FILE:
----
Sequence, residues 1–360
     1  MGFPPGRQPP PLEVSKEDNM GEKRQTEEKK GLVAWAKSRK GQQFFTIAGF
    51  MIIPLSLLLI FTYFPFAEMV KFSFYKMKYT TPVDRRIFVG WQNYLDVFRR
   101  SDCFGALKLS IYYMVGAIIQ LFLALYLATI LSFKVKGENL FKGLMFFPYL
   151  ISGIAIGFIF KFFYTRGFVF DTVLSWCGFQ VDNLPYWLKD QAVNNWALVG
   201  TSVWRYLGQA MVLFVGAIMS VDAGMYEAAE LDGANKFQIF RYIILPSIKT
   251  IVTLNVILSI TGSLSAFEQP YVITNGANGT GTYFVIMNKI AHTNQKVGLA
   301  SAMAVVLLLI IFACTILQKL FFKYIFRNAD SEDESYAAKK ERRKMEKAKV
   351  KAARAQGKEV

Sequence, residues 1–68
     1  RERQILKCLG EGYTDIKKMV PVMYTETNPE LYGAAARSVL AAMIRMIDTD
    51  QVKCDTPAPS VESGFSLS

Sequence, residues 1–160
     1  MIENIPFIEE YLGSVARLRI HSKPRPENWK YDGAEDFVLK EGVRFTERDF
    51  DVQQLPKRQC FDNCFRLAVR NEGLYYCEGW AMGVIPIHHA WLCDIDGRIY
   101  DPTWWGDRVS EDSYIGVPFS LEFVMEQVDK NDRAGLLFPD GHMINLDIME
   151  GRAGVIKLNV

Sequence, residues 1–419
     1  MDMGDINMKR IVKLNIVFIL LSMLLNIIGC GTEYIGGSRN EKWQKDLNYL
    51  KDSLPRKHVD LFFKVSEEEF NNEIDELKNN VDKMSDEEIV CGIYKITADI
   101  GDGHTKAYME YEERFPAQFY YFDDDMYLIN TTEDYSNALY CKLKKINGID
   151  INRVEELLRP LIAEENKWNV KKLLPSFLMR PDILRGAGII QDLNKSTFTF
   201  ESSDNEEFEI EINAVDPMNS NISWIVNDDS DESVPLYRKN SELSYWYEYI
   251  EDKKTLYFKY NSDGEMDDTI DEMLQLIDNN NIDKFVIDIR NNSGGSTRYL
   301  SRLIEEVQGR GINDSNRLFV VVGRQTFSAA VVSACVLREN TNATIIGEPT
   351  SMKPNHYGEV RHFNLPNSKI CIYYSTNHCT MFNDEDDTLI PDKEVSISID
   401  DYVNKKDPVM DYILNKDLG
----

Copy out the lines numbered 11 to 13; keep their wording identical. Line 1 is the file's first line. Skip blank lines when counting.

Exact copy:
     1  RERQILKCLG EGYTDIKKMV PVMYTETNPE LYGAAARSVL AAMIRMIDTD
    51  QVKCDTPAPS VESGFSLS

Sequence, residues 1–160